Asia's economic forum addresses income inequality
The view along the road to Boao, a sleepy fishing village in the South China Sea, is a visual reminder of how unequal China has become.
Instead of palm trees and rice paddies, visitors are now greeted by mile after mile of luxury condominiums.
Reflecting on the five-star accommodation, Feng Jingwu, a lifelong resident, says few locals could afford the newly-built homes.
"They belong to mainlanders with money. We locals don't live in those flats," he says.
The gap between the rich and poor is what politicians and business leaders will tackle at this year's Boao Forum for Asia, the 10th anniversary of Asia's version of the World Economic Forum.
This year, "inclusive development" was chosen as the forum's theme.
"In the past, the forum focused on creating an atmosphere of co-operation between countries," says Long Yongtu, a member of Boao's Council of Advisers.
"But this time, we are going a step further. We are looking at ways of ensuring more people within countries enjoy the benefits of economic growth."
China hosts the event every year. In the 10 years since the Boao Forum began, economic activity in China has quadrupled in US dollar terms.
But the difference in the lives of the country's "haves" and "have nots" has grown even faster, causing anger and resentment.
Inflation and corruption
According to Chinese economists, the country's Gini coefficient, a measure of income inequality, has risen to a level just below 0.5.
That is a much higher figure than Europe or Japan. At the same time, the country's per capita income is just one-tenth that of the US or Japan.
When China officially overtook Japan as the world's second-biggest economy earlier this year, most Chinese seemed puzzled by the international attention.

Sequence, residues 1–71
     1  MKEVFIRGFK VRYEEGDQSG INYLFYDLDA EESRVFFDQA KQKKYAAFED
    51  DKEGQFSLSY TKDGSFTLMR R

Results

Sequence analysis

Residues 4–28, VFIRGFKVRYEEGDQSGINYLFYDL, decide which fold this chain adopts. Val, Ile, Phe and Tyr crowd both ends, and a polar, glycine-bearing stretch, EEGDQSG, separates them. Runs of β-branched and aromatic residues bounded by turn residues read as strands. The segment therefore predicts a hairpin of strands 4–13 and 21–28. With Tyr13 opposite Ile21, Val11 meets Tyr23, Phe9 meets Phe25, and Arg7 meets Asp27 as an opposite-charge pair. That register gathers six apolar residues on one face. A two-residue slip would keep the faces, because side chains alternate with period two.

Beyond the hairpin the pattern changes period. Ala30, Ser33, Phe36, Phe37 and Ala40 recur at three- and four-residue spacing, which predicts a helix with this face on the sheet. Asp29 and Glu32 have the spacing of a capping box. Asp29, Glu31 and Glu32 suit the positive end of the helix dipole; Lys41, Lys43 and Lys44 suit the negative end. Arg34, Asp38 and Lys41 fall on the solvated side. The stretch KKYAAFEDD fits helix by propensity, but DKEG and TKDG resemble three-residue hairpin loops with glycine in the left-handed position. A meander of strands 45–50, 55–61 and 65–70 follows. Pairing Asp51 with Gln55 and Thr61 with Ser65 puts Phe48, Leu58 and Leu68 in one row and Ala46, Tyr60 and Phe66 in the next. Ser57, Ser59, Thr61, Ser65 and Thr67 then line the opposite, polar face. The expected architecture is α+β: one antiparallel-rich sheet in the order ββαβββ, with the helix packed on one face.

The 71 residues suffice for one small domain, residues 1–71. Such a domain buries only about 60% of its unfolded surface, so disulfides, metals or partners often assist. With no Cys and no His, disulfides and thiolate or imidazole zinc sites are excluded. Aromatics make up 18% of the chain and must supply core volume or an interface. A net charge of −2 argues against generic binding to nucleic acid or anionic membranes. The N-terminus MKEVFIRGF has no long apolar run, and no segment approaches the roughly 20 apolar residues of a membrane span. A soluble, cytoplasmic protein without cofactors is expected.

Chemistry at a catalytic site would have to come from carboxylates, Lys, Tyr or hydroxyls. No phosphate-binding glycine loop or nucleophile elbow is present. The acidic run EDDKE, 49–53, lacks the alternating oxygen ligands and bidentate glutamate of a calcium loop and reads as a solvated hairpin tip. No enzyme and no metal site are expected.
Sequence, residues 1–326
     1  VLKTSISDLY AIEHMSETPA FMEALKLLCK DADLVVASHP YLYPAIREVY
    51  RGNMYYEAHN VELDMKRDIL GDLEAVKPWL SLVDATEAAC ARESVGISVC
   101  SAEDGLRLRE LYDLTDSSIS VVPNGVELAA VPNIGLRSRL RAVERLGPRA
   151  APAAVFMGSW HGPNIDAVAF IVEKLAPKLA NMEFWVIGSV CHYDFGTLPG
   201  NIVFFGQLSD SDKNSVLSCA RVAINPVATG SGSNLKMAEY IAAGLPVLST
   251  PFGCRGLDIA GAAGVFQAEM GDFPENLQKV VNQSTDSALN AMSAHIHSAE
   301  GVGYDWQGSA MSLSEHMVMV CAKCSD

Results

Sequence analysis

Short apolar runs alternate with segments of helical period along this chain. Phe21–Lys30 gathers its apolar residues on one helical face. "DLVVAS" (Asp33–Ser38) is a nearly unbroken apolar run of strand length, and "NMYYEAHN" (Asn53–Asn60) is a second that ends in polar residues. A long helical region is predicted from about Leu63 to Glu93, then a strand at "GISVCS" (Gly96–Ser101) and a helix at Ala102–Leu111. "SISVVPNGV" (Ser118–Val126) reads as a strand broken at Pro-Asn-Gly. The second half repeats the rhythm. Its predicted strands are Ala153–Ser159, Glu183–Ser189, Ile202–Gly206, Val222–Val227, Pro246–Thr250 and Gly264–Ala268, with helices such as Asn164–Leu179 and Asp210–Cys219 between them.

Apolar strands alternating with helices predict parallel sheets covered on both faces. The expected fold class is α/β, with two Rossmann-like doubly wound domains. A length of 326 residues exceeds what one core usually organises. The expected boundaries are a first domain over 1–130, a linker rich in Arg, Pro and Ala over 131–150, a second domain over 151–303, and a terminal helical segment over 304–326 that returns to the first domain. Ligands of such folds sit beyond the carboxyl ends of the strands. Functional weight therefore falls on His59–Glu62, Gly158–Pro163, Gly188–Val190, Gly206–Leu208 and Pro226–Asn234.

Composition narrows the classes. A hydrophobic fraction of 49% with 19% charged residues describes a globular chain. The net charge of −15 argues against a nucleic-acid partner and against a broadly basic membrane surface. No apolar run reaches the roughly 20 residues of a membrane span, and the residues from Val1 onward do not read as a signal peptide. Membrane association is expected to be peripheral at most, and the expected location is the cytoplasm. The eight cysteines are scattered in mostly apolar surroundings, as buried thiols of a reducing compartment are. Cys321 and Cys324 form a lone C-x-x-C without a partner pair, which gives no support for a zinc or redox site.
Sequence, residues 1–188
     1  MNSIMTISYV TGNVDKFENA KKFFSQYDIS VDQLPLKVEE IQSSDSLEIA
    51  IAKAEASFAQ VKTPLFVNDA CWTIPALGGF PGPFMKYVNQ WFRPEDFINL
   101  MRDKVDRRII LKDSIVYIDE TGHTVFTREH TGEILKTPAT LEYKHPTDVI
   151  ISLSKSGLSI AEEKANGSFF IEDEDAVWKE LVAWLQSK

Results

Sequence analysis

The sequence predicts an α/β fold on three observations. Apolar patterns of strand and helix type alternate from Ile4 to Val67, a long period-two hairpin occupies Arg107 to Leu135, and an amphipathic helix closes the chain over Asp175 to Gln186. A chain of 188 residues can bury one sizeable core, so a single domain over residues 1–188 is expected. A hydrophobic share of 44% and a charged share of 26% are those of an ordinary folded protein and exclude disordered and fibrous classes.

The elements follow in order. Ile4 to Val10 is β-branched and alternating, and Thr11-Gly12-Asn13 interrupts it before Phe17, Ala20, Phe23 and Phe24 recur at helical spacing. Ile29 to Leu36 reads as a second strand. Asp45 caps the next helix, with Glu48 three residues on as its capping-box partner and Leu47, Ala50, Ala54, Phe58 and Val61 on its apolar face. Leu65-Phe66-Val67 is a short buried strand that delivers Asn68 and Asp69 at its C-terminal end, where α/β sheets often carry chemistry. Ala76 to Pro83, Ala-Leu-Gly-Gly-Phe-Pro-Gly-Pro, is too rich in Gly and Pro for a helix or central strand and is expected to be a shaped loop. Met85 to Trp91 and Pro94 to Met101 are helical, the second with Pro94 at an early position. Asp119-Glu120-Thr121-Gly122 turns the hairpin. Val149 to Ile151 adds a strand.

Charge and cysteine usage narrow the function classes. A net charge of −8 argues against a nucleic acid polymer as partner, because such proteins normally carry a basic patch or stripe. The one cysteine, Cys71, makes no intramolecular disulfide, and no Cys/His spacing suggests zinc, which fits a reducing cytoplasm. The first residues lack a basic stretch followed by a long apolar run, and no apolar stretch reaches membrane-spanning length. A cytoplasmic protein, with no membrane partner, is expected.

Most chose to bemoan the downsides of growth: inflation, corruption and the rising wealth gap. On every point, Japan, a sometimes reviled neighbour, was judged superior.
A stroll through any city explains why.
From bus stops to teahouses, the national conversation has been hijacked by the soaring cost of living.
The common perception is that blistering economic growth is driving prices to unaffordable levels. People are struggling to keep up.
The problem is especially acute in the property sector. Would-be grooms agonise over whether they can afford to live up to tradition by buying homes for their brides.
In response, Beijing has sought to bring down the price of housing by raising borrowing costs and by putting restrictions on multiple purchases.
Nationally, the moves have hurt developers and buyers accustomed to a red-hot market.
The tension between government policy designed to help the masses and the interests of powerful business people is expected to be explored at the forum.
Zhang Xin, chief executive of Soho China, Beijing's largest property developer, says she supported the austerity measures, but acknowledged the uncertainty they have caused.
"Generally, I would say nothing is better than this to tackle the income gap between the rich and poor, even if it hurts property developers temporarily," she says.
As for the area around Boao, the new property restrictions seem to have had no effect.
Next year, visitors to the Boao Forum for Asia may well see more modern high rises dotting the skyline.